Bernard Rosen, PhD is a Nutrition Consultant and Educator. He works with individuals, groups, and at corporations to create individualized nutrition and wellness programs. His office is in Mequon, WI. To learn more or to schedule an appointment, e-mail at bernie@brwellness.com, call (262) 389-9907 or go to www.brwellness.com.

February 2013 Newsletter Client Stops Eating Kashi Loses 20 Pounds!

Client Loses 20 Pounds Taking Kashi Cereal out of Diet!

Welcome to February! The month when America realizes the crash diet and heavy exercise program did not result in the weight loss they expected. Of course it is no surprise to me, because I hear that most every day with my client. Just yesterday someone said, “I don’t get it. I’ve been gaining weight since working with my personal trainer.” So, we have to understand two very important facts:

1. Perhaps calories are irrelevant (see more on that later).

2. Stress can be a “trump card” (see below for more on that).

Once we understand this the path is clear. Don’t count calories, but eat healthy food. And, manage your stress levels.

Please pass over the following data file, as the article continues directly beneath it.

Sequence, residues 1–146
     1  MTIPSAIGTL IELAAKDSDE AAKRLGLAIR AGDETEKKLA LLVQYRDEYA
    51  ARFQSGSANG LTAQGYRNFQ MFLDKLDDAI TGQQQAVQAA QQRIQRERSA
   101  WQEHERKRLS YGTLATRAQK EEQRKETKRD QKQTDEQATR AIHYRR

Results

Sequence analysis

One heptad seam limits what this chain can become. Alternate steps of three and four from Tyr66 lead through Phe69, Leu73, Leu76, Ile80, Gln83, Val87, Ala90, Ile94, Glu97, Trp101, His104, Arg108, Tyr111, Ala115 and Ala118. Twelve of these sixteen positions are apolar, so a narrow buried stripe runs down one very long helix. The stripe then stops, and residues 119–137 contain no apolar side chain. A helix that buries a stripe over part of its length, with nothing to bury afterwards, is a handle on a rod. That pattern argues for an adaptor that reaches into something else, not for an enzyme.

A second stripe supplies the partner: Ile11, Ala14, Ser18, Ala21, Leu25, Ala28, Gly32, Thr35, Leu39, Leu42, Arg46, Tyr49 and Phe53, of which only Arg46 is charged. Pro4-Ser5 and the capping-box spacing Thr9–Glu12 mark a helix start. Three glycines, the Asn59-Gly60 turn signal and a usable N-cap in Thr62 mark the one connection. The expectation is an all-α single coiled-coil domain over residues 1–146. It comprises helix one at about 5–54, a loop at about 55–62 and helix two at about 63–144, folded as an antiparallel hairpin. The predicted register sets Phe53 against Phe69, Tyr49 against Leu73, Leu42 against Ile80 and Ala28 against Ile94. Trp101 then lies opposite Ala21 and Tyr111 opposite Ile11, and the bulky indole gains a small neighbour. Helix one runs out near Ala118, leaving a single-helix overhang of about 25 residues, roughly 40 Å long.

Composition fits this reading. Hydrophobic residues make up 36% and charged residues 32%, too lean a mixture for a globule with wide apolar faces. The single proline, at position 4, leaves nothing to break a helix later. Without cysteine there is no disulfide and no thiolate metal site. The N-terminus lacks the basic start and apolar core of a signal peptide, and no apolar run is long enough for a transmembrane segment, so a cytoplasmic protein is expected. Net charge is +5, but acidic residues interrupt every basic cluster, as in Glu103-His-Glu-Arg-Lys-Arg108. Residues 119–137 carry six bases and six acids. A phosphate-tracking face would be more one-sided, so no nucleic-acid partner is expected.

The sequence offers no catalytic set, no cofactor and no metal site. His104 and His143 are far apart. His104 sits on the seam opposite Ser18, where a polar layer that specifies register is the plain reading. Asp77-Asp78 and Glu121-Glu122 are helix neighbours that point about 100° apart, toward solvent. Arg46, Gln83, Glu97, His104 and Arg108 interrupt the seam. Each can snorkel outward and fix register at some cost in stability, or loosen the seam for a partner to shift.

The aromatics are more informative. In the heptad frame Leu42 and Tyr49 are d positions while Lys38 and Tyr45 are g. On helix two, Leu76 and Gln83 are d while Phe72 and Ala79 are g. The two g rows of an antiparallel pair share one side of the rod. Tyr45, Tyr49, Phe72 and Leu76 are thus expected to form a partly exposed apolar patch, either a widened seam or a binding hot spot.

But, what is “healthy” food? If we watch television we know that Kashi is very healthy whole grains. If you’ve read my past writing about breakfast, you’ll remember that to your body Kashi has more sugar than Fruit Loops. (http://brwellness.blogspot.com/2011/07/not-so-healthy-breakfast.html ) A recent new client came to a public talk I gave at the end of last year. She had been down the Weight Watchers road and had done well, yet she hit the plateau. She heard what I said. She stopped eating Kashi. She lost seven pounds the first week. She called me and wanted to learn more. Now, two months later she is down over 20 pounds and was pleased to report this was the first time in 20 years she was below 200 pounds!


Calories Are Bull%%&$ – Why Taking out the Kashi Resulted in Weight Loss